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dc.contributor.authorTerbish, Baasanjav
dc.contributor.editorChuryumov, Anton
dc.contributor.editorGedeeva, Darina
dc.contributor.otherChuryumov, Anton
dc.date.accessioned2019-09-27T14:34:53Z
dc.date.available2019-09-27T14:34:53Z
dc.date.issued2016-06-14
dc.identifier.urihttps://www.repository.cam.ac.uk/handle/1810/297209
dc.description.abstractIn this interview Konstantin talks about the history and composition of the Bagud clan.Konstantin: Our clan, Bagud, descends from the younger brother of Ayuka Khan. Ayuka Khan had many sons, and his youngest son was Galdan Danzhin who contested with his older brother for the throne. After an unsuccessful assassination attempt on his older brother, Galdan Danzhin fled to a place near Saratov. He ordered his subjects not to reveal their affiliation but to say that they simply were people ‘of the youngest brother’. Bagud means ‘youngest’ in Kalmyk. In fact, we belong to the larger clan of Keryad which consists of Iki Keryad, Bag Keryad, Keryad and Bagud. Galdan Danzhin had three sons: his oldest son was Batla, the middle son was Doida, and the youngest was Erdni. When half of the Kalmyks returned to Dzungaria in 1771, Erdni was among them. Today his descendants live in a place called Xing in Xinjiang. In Kalmykia the Batla people lived in Batlayevskaya stanitsa. Doida, who moved to Lagan, had two sons, namely Khavtkha and Sharsa. Sharsa’s mother was a Tatar woman. When his two sons started to quarrel to inherit their father’s title, Doida, an old man by then, divided his people into three groups. The descendants of these three groups came to be known as Ik Bagud, Shars Bagud and Doida Bagud. There is another group among us called Shine Bagud (meaning ‘New Bagud’) who joined us later, and worshipped our gods. Question: Which sub-group do you belong to? Konstantin: I am from Doida Bagud. Inside we divide into arvn groupings, including the Arshakhn, Manzhikhn, Khamrakhn and Chavgakhn. I am from the Khamrakhn arvn. In the past, the arvns lived together. Even today in Lagan our street is home to Khamrakhn people. The next street is where Arshakhn people live. We know each other from childhood. When we started school, I remember children asking each other: ‘Which arvn are you from?’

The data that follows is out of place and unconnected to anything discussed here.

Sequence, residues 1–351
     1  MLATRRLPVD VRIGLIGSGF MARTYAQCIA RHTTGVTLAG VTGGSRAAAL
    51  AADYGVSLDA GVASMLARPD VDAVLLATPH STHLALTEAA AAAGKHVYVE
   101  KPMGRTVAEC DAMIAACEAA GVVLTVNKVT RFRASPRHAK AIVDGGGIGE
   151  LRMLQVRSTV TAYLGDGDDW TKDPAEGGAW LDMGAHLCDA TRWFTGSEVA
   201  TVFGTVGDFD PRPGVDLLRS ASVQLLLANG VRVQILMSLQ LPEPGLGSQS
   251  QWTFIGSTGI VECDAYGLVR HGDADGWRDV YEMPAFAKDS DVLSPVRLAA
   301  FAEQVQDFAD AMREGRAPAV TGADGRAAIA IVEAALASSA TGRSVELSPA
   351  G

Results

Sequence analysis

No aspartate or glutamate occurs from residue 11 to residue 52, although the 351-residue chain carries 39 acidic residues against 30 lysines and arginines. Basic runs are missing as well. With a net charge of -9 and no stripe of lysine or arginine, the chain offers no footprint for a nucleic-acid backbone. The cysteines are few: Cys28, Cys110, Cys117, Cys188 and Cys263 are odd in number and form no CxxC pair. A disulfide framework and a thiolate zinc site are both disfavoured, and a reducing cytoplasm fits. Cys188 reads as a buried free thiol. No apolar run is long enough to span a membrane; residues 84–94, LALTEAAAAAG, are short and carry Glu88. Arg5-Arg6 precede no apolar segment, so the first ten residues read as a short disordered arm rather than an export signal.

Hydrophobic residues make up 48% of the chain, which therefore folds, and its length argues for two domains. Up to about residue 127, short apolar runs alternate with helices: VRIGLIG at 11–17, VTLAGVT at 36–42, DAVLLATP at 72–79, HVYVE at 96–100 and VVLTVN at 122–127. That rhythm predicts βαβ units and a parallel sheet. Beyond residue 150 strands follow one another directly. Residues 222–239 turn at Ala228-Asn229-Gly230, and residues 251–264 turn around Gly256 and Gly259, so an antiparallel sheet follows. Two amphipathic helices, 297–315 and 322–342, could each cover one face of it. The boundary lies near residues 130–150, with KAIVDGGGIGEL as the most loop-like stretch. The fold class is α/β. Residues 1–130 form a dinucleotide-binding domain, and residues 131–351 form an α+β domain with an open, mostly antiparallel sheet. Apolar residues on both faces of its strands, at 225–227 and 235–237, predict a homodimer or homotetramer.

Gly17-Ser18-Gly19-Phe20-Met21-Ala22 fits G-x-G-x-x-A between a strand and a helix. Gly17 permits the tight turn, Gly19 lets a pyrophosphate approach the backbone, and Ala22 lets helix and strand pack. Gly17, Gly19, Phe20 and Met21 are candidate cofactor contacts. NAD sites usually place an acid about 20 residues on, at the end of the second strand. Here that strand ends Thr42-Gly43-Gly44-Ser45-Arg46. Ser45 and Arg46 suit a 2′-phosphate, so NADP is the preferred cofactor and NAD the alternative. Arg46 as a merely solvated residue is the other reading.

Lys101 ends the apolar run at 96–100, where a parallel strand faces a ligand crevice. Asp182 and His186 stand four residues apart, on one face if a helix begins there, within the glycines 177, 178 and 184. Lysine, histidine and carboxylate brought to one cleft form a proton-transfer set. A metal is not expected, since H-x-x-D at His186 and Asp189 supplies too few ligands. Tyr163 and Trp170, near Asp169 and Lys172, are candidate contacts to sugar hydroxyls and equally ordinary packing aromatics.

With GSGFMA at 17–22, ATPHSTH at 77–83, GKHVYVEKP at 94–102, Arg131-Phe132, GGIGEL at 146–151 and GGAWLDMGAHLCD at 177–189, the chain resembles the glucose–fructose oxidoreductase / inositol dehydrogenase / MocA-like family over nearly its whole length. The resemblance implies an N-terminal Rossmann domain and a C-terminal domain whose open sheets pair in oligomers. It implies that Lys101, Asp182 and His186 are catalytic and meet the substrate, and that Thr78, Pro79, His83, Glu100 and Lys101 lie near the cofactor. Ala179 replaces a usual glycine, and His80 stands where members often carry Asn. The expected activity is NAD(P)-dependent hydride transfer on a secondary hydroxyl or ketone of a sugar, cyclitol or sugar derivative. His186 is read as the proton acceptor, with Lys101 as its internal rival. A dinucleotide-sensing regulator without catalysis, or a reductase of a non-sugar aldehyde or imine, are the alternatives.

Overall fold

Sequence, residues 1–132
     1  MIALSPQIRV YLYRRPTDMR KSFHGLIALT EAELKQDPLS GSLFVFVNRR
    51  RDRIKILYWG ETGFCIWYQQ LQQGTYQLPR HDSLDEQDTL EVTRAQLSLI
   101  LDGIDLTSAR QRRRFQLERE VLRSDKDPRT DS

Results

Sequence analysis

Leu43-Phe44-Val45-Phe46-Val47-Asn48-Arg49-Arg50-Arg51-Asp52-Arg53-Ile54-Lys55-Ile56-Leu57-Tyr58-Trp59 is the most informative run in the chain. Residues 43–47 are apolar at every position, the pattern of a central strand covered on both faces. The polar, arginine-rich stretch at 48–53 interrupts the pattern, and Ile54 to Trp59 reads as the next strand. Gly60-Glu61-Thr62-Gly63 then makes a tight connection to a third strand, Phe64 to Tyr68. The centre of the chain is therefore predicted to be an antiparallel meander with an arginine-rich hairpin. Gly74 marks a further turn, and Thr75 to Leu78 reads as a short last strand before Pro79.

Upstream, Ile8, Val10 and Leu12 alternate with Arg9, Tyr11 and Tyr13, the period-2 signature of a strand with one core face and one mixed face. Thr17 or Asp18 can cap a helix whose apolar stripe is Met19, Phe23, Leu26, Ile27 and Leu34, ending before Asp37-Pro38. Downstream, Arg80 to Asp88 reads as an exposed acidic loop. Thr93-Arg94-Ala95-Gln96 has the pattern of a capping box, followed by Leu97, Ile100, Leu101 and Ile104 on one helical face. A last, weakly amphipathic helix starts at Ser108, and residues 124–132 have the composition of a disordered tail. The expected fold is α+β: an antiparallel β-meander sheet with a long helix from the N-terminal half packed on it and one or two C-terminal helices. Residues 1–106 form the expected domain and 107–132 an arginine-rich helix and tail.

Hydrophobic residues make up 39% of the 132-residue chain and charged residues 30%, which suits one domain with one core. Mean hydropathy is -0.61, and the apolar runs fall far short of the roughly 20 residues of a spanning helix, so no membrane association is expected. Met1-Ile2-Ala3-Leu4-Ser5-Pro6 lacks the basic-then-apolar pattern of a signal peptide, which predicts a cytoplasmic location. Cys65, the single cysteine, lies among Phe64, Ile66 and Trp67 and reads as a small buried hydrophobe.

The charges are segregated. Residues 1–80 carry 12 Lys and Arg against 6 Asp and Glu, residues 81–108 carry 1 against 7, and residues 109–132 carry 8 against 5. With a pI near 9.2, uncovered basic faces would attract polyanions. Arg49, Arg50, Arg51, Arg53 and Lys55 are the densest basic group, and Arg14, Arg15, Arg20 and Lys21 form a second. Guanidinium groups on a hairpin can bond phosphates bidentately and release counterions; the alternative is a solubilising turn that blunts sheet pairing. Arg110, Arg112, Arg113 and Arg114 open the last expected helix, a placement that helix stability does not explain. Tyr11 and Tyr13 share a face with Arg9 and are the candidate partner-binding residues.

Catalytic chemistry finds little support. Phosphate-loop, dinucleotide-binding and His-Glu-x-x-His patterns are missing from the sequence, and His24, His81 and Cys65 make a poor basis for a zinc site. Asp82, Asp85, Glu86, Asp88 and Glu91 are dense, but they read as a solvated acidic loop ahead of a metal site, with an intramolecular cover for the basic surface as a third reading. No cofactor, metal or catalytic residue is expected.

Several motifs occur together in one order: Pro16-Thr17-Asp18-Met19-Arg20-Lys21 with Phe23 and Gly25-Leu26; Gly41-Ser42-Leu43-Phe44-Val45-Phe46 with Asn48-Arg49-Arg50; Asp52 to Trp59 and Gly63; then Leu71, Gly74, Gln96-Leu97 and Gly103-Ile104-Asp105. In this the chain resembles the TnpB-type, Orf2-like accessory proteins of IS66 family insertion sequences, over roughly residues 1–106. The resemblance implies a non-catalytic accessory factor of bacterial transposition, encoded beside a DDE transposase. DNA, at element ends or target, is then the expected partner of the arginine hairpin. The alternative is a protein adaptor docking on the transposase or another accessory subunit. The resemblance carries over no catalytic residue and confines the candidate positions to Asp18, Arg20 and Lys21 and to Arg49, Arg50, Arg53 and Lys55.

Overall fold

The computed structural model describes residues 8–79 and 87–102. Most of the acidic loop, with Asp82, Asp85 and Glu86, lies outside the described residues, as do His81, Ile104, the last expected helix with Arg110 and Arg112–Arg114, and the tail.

dc.description.sponsorshipSponsored by Arcadia Fund, a charitable fund of Lisbet Rausing and Peter Baldwin
dc.languageKalmyk
dc.publisherKalmyk Cultural Heritage Documentation Project, University of Cambridge
dc.subjectBagud clan
dc.subjecthistory
dc.titleKonstantin Naktanov, about the Bagud clan
dc.typeVideo
dc.identifier.doi10.17863/CAM.44256


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